Banff National Park was a very different place in the early 1900’s than the world-class nature preserve we know today. Two coal-mining towns, Anthracite and Bankhead, both long since abandoned, were operating just outside the Banff town site. Unlike today where spectacular mountain scenery or rare wildlife encounters lure tourists to Banff, the prospect of obtaining reliable employment in the mines originally brought many individuals to the wilds of western Canada. One such character was Billy Carver, a very mysterious figure in Banff’s colourful history.
Much of Billy’s 27 years in the Banff area were spent alone; hidden from the public eye in a secret cabin tucked away in the forest. By all accounts Billy was a recluse, preferring solitude over society. Many have speculated at the motive for Billy’s self-imposed seclusion, but an inability to pinpoint the exact reason has only amplified his mystic. One popular theory was debunked when an RCMP investigation determined there was no legal reason for Billy’s isolation.
Billy Carver is also known as the Hermit of Inglismaldie, so named for Mount Inglismaldie, a nearby peak that is the second tallest in the Fairholm Range.
Billy built his tiny cabin near the shoreline of Johnson Lake sometime in 1910 and it originally included a handmade table, chair, and couch, as well as a small stove that provided a means for cooking and heat in the winter. The cabin’s extension was added later and served primarily as a bedroom. Billy would occasionally work the coal seams on the lower slopes of Cascade Mountain, but was rarely seen otherwise. His only acquaintance was Gee Moy, the owner of the Market Garden in Anthracite. Gee would bring provisions and other supplies to Billy’s cabin so Billy wouldn’t have to go into town himself. In December of 1937 a pair of local boys discovered Billy at his cabin. It was quite apparent that Billy was in poor shape physically and required medical assistance. The boys notified the proper authorities and Billy was eventually taken to an old-age home where he later died. Although Billy has passed on his spirit still remains. His cabin is reputedly haunted and a ghostly figure, presumably Billy Carver himself, has been spotted more than once in the cabin’s vicinity.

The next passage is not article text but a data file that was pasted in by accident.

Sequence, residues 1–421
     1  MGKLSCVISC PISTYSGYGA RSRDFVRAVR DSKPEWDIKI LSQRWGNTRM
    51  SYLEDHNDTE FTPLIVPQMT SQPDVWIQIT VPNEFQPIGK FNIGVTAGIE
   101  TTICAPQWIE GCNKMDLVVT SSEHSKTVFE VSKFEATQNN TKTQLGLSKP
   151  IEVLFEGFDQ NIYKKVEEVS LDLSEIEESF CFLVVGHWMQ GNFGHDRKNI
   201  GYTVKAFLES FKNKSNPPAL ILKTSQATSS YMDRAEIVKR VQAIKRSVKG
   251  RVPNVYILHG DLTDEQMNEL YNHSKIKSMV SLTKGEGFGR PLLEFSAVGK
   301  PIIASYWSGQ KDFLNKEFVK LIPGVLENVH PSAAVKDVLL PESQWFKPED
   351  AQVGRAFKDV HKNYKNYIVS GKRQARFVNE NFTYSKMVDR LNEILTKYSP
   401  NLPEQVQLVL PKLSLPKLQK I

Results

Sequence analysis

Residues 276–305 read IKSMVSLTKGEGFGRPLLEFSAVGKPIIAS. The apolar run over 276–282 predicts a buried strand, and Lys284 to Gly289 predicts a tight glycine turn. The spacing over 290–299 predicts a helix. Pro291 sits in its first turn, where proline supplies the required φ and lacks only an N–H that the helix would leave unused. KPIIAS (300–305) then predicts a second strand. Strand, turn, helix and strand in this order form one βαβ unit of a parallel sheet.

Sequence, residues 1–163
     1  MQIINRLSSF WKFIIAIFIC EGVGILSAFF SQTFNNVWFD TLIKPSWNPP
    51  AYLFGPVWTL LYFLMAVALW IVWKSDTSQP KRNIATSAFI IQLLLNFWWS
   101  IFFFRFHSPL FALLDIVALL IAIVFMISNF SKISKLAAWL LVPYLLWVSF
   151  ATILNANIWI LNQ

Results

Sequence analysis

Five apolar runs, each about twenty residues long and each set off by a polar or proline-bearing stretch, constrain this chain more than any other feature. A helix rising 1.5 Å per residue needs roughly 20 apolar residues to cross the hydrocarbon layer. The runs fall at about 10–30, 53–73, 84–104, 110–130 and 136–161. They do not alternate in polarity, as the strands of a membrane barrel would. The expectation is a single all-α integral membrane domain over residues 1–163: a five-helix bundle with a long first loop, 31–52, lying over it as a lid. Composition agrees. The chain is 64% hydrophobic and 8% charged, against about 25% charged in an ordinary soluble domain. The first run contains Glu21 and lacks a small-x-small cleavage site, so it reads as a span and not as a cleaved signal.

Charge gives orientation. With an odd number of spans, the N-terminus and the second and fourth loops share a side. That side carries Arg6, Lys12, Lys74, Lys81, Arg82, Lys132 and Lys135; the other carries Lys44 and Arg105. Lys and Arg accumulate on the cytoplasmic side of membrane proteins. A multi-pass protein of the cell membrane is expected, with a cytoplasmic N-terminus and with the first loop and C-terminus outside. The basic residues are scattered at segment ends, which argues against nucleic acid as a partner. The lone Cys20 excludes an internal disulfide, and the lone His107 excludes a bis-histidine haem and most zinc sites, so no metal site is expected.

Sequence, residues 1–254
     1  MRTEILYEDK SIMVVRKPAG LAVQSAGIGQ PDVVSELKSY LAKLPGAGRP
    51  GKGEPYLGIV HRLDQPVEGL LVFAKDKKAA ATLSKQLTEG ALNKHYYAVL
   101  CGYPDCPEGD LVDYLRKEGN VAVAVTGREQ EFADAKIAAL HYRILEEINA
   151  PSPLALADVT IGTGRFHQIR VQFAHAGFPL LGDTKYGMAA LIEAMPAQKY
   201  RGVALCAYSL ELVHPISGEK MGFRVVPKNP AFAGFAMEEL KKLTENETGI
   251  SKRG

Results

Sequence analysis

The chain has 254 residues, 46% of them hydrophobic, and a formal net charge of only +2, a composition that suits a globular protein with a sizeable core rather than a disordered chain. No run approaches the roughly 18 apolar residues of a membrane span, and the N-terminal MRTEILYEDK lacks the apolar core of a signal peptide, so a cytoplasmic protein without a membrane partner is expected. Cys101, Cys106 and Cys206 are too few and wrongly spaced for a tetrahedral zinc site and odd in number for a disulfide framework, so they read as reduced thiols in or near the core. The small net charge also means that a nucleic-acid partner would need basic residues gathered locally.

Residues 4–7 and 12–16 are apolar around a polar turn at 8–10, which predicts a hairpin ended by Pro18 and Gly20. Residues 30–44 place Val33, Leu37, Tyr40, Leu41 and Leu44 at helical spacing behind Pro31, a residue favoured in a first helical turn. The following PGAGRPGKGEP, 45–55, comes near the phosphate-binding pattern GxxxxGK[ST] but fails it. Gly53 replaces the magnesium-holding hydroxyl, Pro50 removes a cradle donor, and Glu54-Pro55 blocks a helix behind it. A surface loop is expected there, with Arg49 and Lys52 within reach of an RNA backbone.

Today there is very little information available about Billy Carver. A Google search won’t uncover much other than what’s outlined above or the fact that he was born in England before immigrating to Canada. You will also discover several tourist photos of Billy’s hidden cabin. After more than 100 years in the harsh Canadian wilderness, Billy’s cabin is still standing much as it was when he called it home. Although the Johnson Lake area is popular for outdoor recreation the cabin can be challenging to find. Many who use the nearby trails easily miss the cabin, but those with a keen sense of adventure and strong treasure-finding skills will be rewarded for their efforts. I have visited the cabin on several occasions and each time I am more in awe of how someone could live in such a ramshackle place, all alone, year-round. I would say I am average height and I had to crouch down just to gain access to the cabin and I am unable to stand up straight once inside. It would seem that a man who was able to do physically demanding work, like coal mining, and had the skills to build his own home wouldn’t need to lead such a difficult lifestyle, but it’s almost impossible to predict Billy’s state of mind. Maybe the reason for Billy’s seclusion isn’t all that important and we should just respect the man and his personal choice to live a solitary existence.
“Not till we are lost…do we begin to find ourselves.”
~Henry David Thoreau
Next time you find yourself in Banff go searching for Billy’s abandoned cabin. Not only will you uncover a small piece of the park’s history, but you just might run into Ole Billy himself. Tell him I say hi!